Sure, I'd love to show up at my destinations with a large anchoring field empty of other boats sometimes. But I, as a visiting United Stater in Canadian waters, am not at all bothered to tie up at the visitor's dock if the anchorage is full - after all, I'm the guest. I sure don't want to push people out of their homes just for my convenience. And I happen to like interacting with other sailors.

Besides, the docks are cluttered with unused boats as well; I don't hear anyone saying they should be impounded if they look abandoned and the owners do not respond to the port within 30 days. Or that boats in marinas must maintain holding tank logs surrenderable upon any demand, or apply for permission to stay within the port if staying there more than 14 days in 30, or any of the other half-dozen strictures which are going to be applied to anchored boats.

I'm all for getting rid of derelict boats by some fair and reasonable method. This doesn't seem to be it. On the US east coast many PAs have simply outlawed anchoring within the port, but offer very reasonable moorages in tight mooring fields. Seems a much better solution, though I don't know how it might work in practice in BC.
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Old 15-06-2009, 22:15   #22
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The liveaboards are not the issue. Most of these boats are essentially abandoned. They are not seaworthy, do not show lights and are not manned. They are derelicts. They are a hazard to navigation and are taking up space that would be used by cruisers. Many of B.C.'s best anchorages are becoming dominated by junk and there is little room for the average cruiser to anchor. There is a green multihull moored in Silva Bay that has not moved for 10 years! This, and many others, have got to be removed from our waters by some means. I am not a lawyer but am sure there exists some regulations, which are not being enforced, to have this junk removed from our water.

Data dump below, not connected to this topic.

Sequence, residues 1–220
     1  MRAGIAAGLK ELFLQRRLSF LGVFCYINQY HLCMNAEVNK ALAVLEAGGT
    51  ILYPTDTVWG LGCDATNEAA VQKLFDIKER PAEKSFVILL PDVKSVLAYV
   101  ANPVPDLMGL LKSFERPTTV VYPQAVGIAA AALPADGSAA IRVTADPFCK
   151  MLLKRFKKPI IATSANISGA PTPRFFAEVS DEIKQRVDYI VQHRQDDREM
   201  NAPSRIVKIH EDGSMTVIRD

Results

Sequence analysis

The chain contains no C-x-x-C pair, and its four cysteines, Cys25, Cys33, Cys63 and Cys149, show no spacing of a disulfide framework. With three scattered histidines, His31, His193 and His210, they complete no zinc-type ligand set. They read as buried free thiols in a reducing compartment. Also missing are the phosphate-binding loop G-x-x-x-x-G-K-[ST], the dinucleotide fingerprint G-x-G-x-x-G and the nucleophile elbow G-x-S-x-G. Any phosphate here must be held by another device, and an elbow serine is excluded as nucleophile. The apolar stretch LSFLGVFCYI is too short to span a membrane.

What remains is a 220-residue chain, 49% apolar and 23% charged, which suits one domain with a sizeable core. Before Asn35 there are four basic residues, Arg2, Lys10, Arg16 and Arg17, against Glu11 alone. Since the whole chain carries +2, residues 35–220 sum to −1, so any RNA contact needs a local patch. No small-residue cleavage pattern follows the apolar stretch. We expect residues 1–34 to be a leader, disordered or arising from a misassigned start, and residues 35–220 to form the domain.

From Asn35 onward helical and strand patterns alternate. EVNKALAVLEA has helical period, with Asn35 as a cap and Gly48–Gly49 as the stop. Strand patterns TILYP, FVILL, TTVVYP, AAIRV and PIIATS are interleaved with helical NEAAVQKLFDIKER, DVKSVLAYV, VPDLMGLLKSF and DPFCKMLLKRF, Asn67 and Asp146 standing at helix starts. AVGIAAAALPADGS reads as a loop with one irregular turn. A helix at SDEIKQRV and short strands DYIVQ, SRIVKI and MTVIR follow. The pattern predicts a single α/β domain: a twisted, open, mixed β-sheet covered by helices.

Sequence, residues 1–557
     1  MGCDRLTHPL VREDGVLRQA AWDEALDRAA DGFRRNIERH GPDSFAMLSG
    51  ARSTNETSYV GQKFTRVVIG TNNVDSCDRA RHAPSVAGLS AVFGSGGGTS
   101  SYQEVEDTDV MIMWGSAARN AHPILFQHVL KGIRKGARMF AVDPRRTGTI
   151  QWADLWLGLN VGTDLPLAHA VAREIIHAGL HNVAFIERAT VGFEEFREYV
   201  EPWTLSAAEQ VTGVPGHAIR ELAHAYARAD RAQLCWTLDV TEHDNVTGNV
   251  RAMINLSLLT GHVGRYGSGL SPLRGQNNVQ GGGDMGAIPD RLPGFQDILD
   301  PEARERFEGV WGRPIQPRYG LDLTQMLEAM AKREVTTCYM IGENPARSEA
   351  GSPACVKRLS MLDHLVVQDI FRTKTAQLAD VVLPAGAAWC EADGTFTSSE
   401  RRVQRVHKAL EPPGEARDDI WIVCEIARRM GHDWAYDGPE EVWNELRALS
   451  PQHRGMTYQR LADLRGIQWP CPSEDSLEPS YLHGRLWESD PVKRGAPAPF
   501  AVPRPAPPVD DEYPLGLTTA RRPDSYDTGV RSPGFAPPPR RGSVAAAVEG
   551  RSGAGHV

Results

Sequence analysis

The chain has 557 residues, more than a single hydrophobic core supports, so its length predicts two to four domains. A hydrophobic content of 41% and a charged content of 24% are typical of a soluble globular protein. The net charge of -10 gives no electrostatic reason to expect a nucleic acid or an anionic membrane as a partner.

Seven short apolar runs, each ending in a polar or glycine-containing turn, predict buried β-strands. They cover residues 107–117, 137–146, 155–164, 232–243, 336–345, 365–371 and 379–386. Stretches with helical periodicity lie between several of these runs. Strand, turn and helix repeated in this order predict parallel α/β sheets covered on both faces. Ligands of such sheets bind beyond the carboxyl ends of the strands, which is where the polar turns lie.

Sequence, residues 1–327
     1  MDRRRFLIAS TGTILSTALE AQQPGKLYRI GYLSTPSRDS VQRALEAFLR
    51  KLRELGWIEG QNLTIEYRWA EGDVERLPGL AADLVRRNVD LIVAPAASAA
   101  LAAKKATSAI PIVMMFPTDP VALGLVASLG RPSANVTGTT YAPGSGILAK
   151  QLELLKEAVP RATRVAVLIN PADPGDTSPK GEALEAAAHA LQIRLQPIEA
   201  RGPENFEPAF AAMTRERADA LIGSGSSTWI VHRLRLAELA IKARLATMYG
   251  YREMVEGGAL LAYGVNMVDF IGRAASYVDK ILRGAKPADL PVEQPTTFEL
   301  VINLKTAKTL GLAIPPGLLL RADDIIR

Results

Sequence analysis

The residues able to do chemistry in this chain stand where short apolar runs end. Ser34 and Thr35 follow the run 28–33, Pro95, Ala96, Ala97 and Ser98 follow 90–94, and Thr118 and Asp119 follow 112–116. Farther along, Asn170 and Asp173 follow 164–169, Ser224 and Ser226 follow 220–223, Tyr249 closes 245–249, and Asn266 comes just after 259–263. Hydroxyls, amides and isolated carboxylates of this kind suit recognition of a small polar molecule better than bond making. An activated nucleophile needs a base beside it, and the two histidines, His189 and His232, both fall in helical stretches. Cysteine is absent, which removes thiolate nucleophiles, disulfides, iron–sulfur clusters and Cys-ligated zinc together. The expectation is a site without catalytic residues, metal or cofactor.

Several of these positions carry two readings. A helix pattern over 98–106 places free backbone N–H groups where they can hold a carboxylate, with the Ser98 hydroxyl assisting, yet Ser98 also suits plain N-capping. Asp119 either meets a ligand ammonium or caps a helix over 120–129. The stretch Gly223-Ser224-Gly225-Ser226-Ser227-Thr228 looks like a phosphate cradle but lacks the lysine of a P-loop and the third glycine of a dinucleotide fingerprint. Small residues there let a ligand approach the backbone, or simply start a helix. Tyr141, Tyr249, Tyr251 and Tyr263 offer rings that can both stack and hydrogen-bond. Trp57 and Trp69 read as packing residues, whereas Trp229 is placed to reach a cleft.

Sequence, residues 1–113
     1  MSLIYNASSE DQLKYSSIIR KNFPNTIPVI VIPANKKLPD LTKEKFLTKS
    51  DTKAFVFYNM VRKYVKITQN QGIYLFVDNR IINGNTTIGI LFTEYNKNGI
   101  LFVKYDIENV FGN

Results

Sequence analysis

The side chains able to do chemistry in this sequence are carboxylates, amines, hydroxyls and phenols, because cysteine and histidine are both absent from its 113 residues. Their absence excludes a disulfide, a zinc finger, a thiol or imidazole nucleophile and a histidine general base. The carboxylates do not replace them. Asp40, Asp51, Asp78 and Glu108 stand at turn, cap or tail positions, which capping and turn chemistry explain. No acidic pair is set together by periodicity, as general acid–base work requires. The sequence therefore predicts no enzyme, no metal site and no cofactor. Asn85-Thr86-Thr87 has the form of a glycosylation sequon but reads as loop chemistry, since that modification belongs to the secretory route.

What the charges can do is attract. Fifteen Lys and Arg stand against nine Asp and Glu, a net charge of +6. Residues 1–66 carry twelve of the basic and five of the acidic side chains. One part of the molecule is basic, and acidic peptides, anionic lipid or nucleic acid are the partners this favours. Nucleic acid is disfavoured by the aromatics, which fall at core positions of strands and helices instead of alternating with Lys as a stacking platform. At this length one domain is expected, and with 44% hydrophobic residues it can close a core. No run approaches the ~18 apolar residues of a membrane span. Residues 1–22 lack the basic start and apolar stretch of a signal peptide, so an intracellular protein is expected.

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Old 15-06-2009, 22:55   #23
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I have to say that its sounds really snooty to want to push the poorer people out so the wealthier can have a place to moor. There must be a better way to accommodate people of all incomes. I'm not really on anyone's side. That's just what came to mind in reading many of the posts.
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Old 16-06-2009, 15:41   #24
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What is a reasonable fee varies depending on how much you have. What an overpaid bureacrat considers reasonable would be prohibitive for someone with zero income. Whatever they regard as reasonable can be expected to rise exponentially once the toe is in the door, and the maximum stay time can be expected to be reduced once the precedent is set.